Wednesday’s Words of Wisdom (And Whimsy)

Posted on November 23, 2022 under Wednesday’s Words of Wisdom with 2 comments

A Ray of hope


Who is the teacher and who is the student?

I ask myself this question frequently, especially when I am living in the north.

Like many of you in my age group, lifelong learning is very important to us. Even though our runway is shorter now, we still have a thirst for knowledge. We would like to believe that if we can keep our minds sharp, that we may postpone and maybe even avoid memory loss, the scourge of so many older people. There are not many days that I don’t discover something new in the north.

Living a life with purpose is also very important, especially after retirement.

This past week provided an abundance of riches. My students had the opportunity to learn from several distinguished educators and motivators. So did I!

A few years ago, a small group of teachers and students from our school went on a class trip to New Zealand. From all accounts it was an amazing trip and the students met other indigenous people, the Maori, who have a rich history, but not without many struggles including racism. I think racism is one of the ugliest words in any language. They met Ray, a Maori, who was one of their guides. It turns out that Ray is a pretty amazing guy. He travels all over the world speaking with indigenous groups who have suffered trauma, oppression, family violence among other topics. He is a soft spoken, but his words are powerful and filled with passion. Last week, Ray spent a whole week in the village talking with students, elders, and community leaders. He is also very musical, and it didn’t take long for Ray and I to connect. Last Thursday after school, we had a little jam session at the Family House. He played some songs from New Zealand. His songs are often about hope and resilience. Thanks to The Beatles and John Denver we were able to sing a few songs together… in two-part harmony.

When Ray came to speak to the students, he was joined by my good friend Mary Arngak. She did a presentation on grief. Sadly, grief is far too common in the north. Before the school year even got started, a high school student took her own life and as many of you know, the reason that I’m back in the north is because a dear friend and mentor, Maureen, died suddenly a month ago. Most of Mary’s talk was in Inuktitut but she also translated as she went along. She started by lighting the Quilliq (pronounced hoo lick). The qulliq is a vessel often carved from soapstone which the Inuit have used for centuries. It was used as a source of light and heat in their igloos. It was used to cook food and to dry wet clothing. Mary often says that the qulliq was the first television when people would sit in the igloo and watch the flames! The fire in the qulliq is fueled by moss. In past times, beluga blubber was used as the oil to light the fire. The moss was gathered in the summer months. From time to time, when moss or beluga ran out, the Inuit had no way to stay warm and many people perished in the brutal cold of winter. Often, the men went out for weeks and even months in search of food and sometimes never returned.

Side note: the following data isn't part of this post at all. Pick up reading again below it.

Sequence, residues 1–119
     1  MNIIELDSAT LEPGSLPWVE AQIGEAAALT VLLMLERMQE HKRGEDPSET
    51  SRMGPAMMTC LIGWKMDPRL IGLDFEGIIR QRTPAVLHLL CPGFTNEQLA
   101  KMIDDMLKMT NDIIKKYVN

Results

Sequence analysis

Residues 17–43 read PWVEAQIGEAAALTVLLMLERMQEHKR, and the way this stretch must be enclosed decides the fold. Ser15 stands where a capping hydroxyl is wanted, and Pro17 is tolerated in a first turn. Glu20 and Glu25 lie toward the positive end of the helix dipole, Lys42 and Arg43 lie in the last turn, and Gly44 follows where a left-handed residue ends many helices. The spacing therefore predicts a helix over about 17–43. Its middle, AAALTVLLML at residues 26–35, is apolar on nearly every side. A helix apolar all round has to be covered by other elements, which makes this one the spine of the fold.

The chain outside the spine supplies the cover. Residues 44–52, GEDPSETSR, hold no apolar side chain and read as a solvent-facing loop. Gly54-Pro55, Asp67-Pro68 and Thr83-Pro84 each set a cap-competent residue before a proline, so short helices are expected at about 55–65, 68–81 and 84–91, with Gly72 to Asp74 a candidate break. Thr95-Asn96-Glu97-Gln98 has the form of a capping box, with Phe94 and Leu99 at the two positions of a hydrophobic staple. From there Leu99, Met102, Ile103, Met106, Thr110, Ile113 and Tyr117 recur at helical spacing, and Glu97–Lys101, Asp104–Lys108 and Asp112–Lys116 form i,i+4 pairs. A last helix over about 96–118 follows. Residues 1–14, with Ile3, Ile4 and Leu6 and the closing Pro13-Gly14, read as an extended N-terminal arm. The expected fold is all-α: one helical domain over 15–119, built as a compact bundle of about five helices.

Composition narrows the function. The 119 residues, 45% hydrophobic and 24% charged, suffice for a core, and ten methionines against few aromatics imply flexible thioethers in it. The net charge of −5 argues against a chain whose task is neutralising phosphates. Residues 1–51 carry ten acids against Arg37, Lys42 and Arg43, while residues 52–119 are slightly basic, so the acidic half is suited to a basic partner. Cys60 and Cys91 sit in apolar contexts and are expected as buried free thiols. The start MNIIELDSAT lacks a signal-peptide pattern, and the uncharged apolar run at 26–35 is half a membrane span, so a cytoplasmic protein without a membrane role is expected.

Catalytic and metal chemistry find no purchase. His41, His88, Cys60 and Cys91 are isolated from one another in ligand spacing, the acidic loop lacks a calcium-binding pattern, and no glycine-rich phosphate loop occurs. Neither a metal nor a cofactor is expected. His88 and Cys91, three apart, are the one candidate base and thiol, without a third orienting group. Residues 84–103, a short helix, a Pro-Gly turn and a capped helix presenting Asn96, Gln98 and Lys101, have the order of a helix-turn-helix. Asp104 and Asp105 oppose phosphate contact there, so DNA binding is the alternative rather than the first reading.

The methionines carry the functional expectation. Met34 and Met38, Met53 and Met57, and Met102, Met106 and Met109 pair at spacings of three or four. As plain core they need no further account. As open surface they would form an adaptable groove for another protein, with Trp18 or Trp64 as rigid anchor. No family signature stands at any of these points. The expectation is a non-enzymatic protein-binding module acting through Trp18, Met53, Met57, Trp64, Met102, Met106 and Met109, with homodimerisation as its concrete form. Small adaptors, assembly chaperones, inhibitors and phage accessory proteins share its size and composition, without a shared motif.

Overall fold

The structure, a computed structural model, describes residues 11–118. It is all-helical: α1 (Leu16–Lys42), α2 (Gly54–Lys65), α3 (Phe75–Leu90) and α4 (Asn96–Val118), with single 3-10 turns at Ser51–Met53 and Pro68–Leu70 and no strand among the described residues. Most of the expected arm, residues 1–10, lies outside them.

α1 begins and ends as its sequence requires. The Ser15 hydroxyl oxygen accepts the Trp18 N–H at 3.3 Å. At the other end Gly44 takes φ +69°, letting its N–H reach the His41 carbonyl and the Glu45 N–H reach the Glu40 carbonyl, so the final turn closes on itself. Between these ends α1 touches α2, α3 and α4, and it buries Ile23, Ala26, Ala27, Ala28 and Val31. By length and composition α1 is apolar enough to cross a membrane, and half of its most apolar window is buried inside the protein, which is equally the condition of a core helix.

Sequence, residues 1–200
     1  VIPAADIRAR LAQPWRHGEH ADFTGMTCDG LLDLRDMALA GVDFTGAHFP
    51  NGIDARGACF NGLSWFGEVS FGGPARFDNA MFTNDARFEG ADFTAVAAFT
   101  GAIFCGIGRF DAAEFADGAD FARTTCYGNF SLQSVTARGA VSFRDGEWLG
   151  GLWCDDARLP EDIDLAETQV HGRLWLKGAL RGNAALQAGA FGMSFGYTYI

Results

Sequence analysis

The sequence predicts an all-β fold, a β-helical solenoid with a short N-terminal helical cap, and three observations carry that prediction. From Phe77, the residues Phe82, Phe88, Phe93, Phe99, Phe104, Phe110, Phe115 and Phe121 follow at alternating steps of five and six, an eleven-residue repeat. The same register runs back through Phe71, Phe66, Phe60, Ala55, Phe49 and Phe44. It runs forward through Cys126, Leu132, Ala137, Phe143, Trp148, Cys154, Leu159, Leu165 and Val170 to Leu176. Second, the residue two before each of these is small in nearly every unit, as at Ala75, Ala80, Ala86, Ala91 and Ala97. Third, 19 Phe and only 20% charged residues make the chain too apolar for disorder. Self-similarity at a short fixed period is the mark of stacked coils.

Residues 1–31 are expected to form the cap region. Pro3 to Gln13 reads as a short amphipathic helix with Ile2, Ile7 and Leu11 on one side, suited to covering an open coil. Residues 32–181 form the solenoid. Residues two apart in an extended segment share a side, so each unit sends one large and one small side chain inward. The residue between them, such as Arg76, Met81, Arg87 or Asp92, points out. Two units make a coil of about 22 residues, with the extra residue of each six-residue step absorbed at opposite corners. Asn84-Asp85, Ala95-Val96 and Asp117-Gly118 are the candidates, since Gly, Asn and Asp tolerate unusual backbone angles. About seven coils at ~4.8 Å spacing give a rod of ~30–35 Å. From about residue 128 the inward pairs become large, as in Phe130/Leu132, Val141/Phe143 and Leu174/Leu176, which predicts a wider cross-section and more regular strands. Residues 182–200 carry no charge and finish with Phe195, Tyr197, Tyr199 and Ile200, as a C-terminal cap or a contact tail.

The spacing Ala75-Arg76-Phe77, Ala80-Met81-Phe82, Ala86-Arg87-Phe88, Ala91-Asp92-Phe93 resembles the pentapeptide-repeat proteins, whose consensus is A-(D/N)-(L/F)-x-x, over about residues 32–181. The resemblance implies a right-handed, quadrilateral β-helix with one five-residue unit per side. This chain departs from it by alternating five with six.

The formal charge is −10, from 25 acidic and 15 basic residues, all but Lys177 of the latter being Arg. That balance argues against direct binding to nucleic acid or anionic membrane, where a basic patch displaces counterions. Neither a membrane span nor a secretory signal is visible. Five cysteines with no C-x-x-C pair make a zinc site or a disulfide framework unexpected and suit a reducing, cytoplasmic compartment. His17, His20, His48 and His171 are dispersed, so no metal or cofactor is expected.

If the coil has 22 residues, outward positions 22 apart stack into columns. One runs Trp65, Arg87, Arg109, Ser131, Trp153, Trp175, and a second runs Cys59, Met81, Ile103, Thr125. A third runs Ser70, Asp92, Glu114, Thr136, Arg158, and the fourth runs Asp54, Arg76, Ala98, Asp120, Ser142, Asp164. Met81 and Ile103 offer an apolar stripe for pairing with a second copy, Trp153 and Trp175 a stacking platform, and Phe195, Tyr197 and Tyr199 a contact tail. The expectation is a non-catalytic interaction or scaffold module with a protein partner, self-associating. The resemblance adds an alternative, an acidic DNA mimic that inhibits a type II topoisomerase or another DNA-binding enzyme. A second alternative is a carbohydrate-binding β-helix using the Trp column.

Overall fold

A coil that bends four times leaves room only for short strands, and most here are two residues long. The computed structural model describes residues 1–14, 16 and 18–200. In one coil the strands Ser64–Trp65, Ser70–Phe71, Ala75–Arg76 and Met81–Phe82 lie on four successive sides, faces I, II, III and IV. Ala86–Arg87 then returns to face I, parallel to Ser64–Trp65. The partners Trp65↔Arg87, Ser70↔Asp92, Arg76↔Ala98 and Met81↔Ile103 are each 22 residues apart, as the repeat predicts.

Lighting a qulliq takes time as the moss and flames are slowly moved around the perimeter. Over the course of her presentation, Mary had the qulliq nearly completely lit and then gradually and slowly, she extinguished the flame until there was just a flicker. The flicker represented hope and as long as there’s a flame, there is hope.

I continue to marvel at the Inuit and their resilience.

Late in the week, my class had a chance to meet with a retired educator who has lived in the north for 40 years. He married an Inuk woman long ago and they are both inspirational figures in the village. He also happens to have a Ph.D. in Geography. Even though he isn’t a teacher anymore, make no mistake, Pierre is still an educator. He is the president of a Board who is looking at alternate energy sources for Nunavik. I asked Pierre to come to my class because we have been doing a unit of renewable energy in social studies. Interestingly, his Board is comprised of 4 Inuit and 4 Qallanaq (He has the deciding vote in a tie. Luckily, he is a consensus builder and has never been put in that position). He told the students that plans are in the work for wind power and solar power in many of the 14 communities that comprise Nunavik (Not to be confused with Nunavut). There are even a few villages that have rivers with enough flow to generate hydroelectric energy. This is pretty heady stuff for 12-13 year olds, but my students seem very interested in the topic.

And last but surely not least, there is Andy. She is a woman of Mexican descent. She is a recent university graduate, and her specialty is film making. She is part of a program called Youth Fusion. She will spend the school year with the students of Arsaniq school, sharing her talents. The Inuit are very artistic, and this is a form of art that many of the children find fascinating.

“When the student is ready, the teacher will appear.” Buddha.

There are worse things than being a lifelong student!

Have a great weekend.


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